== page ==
In vitro and clinical studies of a new bioengineered medical-grade honey suggest it has a broad-spectrum antimicrobial effect in healing wounds
Honey has been used to treat wounds for centuries but, although published studies show the effectiveness of medical-grade honeys, a recent review judged the evidence to be of variable quality. In vitro and clinical studies of a new bioengineered medical-grade honey suggest it has a broad-spectrum antimicrobial effect.
Citation: Winter GF (2016) The role of bioengineered honey in wound care. Nursing Times; 39/40: 15-17.
Author: George F Winter is a freelance medical writer and a fellow of the Institute of Biomedical Science.
- This article has been double-blind peer reviewed
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In the UK, an ageing population, alongside a rise in long-term conditions such as obesity and diabetes, are exerting greater demands on wound care management. For example, Morgan (2015) notes a greater prevalence of acute wounds, such as minor tibial injuries in the elderly, with an age-related dimension influencing the prevalence of chronic wounds, such as diabetic foot ulcers, pressure ulcers and leg ulcers. According to Guest et al (2015), in 2012-13:
- There were around 2.2 million wounds managed by the NHS;
- Wounds accounted for 18.6 million practice nurse visits, 10.9 million community nurse visits and 3.4 million hospital outpatient visits;
- The annual cost for the NHS of managing these wounds and associated comorbidities was £5.3 billion.
Dowsett et al (2014) expect the cost of wound dressings and other materials to rise from £420m in 2014 to £461m in 2019.
There is a further complication with the rise of antimicrobial resistance (AMR). A review of AMR (O’Neill, 2014) states that in Europe and the United States there are at least 50,000 deaths annually from anti-microbial-resistant infections, with a predicted global death toll of 10 million people by 2050, which would make AMR the biggest cause of death before cancer.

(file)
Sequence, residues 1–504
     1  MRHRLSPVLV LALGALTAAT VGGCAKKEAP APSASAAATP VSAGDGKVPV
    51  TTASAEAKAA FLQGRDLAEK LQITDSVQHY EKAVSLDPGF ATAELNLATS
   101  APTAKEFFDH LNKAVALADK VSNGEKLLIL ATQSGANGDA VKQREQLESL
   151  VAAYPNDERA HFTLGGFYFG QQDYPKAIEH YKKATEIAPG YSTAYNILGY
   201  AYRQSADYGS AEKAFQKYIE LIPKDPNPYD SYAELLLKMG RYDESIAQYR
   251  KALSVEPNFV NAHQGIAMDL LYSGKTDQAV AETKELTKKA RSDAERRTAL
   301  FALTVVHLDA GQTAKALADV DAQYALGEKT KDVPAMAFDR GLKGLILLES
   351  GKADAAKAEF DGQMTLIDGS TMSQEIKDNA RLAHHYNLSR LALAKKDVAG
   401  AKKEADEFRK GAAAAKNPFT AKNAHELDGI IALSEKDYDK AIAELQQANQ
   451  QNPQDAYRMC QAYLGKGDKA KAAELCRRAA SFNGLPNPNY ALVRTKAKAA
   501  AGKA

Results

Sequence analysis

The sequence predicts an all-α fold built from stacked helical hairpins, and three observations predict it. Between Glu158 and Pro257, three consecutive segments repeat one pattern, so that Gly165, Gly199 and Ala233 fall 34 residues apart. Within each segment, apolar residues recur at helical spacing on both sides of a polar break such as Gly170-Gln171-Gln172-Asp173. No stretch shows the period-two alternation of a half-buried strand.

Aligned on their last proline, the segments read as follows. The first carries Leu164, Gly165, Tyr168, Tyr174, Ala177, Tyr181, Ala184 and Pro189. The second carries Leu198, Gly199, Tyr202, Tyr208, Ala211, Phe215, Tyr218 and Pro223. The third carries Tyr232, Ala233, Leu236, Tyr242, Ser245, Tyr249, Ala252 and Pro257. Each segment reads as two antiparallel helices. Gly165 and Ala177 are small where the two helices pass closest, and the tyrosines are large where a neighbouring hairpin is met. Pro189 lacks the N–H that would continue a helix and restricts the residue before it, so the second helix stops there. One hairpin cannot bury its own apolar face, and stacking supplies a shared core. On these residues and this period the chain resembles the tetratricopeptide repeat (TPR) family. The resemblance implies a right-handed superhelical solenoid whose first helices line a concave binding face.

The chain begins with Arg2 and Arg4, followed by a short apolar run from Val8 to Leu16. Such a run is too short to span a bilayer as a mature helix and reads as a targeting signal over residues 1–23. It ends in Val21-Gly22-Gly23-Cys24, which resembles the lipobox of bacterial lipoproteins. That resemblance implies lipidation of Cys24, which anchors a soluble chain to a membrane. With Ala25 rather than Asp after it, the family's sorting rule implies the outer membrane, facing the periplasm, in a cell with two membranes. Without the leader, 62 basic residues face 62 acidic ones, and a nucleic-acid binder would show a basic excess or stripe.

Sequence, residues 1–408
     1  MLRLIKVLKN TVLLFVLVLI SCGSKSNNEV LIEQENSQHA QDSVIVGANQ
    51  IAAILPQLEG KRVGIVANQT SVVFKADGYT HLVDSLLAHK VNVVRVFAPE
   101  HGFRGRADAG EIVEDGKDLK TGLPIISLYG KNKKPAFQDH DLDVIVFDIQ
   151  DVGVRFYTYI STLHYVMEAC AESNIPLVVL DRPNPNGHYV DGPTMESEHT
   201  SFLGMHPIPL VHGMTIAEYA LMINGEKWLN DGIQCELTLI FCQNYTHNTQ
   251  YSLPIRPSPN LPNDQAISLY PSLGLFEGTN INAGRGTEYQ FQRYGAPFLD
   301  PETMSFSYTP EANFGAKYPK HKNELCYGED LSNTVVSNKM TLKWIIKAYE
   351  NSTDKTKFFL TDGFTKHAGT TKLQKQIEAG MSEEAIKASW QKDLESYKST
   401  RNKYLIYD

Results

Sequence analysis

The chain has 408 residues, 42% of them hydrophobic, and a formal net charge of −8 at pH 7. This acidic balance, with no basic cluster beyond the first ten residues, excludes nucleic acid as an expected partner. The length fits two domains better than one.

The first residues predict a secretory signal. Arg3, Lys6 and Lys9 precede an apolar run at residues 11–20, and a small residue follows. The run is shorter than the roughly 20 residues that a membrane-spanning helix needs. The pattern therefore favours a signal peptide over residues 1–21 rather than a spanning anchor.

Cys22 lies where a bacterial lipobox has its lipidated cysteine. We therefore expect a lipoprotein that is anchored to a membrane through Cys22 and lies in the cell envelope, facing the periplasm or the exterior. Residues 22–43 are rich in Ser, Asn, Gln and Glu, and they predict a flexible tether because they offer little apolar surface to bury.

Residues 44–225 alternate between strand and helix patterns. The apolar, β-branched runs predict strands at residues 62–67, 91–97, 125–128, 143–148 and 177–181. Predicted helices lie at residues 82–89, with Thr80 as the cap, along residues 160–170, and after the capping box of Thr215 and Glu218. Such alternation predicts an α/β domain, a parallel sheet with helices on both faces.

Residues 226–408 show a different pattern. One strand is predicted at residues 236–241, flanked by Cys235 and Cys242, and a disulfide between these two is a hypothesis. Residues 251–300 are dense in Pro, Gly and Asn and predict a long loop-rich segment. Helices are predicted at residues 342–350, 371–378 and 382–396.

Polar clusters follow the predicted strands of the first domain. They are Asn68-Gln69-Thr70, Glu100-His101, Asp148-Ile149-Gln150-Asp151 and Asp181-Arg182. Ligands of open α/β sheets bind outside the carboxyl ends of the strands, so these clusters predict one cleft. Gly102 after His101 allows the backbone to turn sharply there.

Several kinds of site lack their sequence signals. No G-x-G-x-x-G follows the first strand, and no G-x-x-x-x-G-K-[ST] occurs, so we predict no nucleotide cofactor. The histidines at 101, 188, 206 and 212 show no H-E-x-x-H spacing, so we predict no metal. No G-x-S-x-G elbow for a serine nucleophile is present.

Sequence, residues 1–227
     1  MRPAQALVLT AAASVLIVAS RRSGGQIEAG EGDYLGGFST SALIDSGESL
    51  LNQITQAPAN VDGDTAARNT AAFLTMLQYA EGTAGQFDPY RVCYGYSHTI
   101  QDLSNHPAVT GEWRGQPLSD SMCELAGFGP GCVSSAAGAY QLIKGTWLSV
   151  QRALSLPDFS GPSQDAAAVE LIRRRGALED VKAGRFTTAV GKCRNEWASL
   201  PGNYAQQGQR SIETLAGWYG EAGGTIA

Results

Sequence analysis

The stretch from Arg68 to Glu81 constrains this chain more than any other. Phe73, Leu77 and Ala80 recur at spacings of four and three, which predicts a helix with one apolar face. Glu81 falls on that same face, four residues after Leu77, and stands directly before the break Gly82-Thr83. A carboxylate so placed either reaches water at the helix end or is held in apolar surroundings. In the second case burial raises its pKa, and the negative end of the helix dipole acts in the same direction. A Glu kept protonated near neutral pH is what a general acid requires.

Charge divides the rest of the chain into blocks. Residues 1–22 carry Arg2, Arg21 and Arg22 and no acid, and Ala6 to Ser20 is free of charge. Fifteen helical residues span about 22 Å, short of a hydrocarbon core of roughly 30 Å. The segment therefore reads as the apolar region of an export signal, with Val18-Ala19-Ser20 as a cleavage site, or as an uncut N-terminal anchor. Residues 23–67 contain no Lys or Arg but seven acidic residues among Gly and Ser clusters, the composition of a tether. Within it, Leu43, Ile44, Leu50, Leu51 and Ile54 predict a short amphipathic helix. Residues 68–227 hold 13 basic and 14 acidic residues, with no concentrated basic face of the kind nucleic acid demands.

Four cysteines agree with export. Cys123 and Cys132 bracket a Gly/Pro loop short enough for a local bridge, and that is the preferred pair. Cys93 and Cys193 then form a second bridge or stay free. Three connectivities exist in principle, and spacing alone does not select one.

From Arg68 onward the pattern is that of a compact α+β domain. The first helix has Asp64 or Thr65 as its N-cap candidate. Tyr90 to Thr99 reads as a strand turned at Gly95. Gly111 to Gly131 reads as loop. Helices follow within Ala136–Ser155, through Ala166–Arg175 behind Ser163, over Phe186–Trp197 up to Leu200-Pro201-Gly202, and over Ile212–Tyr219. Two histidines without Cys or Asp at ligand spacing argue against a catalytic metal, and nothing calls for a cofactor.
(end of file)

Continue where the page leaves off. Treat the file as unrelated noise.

One way to address the challenge of wound care in the age of AMR is to consider wound therapies that limit the unnecessary use of antimicrobials, while maximising patient outcomes. Medical-grade honey, whose usage dates back to the ancient Egyptians, is one such therapy.
Honey and wound care
Honey is a viscous, super-saturated, acidic solution (pH 3.2 to 4.5) comprising around 80% sugar (such as fructose, glucose, maltose, sucrose) and 20% water, anti-oxidants (such as flavonoids) and proteins (such as the enzyme glucose oxidase) (Stephen-Haynes and Callaghan, 2011). The relative concentrations of ingredients vary according to plant age, origin, location, season and mode of processing (Vandamme et al, 2013; Stephen-Haynes and Callaghan, 2011). Honey’s antimicrobial effect is achieved through a range of factors, outlined in Box 1.
Box 1. Antimicrobial effect of honey
The antimicrobial effect of honey is achieved through a range of factors:
- A low moisture content deprives bacteria of water and therefore prevents growth
- A high sugar content extracts water from bacteria by osmosis
- A low pH inhibits bacterial growth
- Production of hydrogen peroxide by the action of the enzyme glucose oxidase, when honey is diluted with wound exudate; the hydrogen peroxide breaks down, releasing low concentrations of reactive oxygen, destroying invading microbes and promoting healing
- The presence of bee defensin 1, an antimicrobial peptide passed to the honey from the bee’s immune system, is thought to disrupt the bacterial cell membrane
- The presence of the antimicrobial methylglyoxal – manuka honey contains up to 100 times higher concentrations of methylglyoxal than other honeys
Depending on the wound condition, in addition to its antimicrobial properties, honey can influence wound healing by:
- Deodorising, debriding and providing a moist wound environment;
- Influencing cell migration and proliferation, and collagen production to speed up wound closure;
- Stimulating or inhibiting cytokines, such as tumour necrosis factor-α and interleukin-6 from human monocytes and macrophages, which have a role in the inflammation process;
- Increasing or decreasing the production of reactive oxygen species from neutrophils, depending on the particular wound micro-environment. The immunomodulatory activity of honey is complex because of the involvement of multiple, quantitatively variable compounds in honeys of different origins. (Majtan, 2014)
Activon manuka honey was the first medical-grade honey to be registered as a medical device in the UK in 2004.
Medical-grade honey differs from supermarket honey in terms of its proven antimicrobial activity, traceability of source and lack of contaminants, with gamma irradiation ensuring sterility (Cooper and Gray, 2012).
Medihoney, which is also derived from manuka honey, is one of the most widely studied and used medical-grade honeys. Its antimicrobial action relies mainly on the presence of methylglyoxal (MGO), which is derived from nectar in the flowers of the Leptospermum scoparium tree. It is not only effective against wound-associated organisms such as Pseudomonas aeruginosa, Staphylococcus aureus, Candida albicans and E coli, but also against anti-biotic-resistant bacteria (Stephen-Haynes and Callaghan, 2011).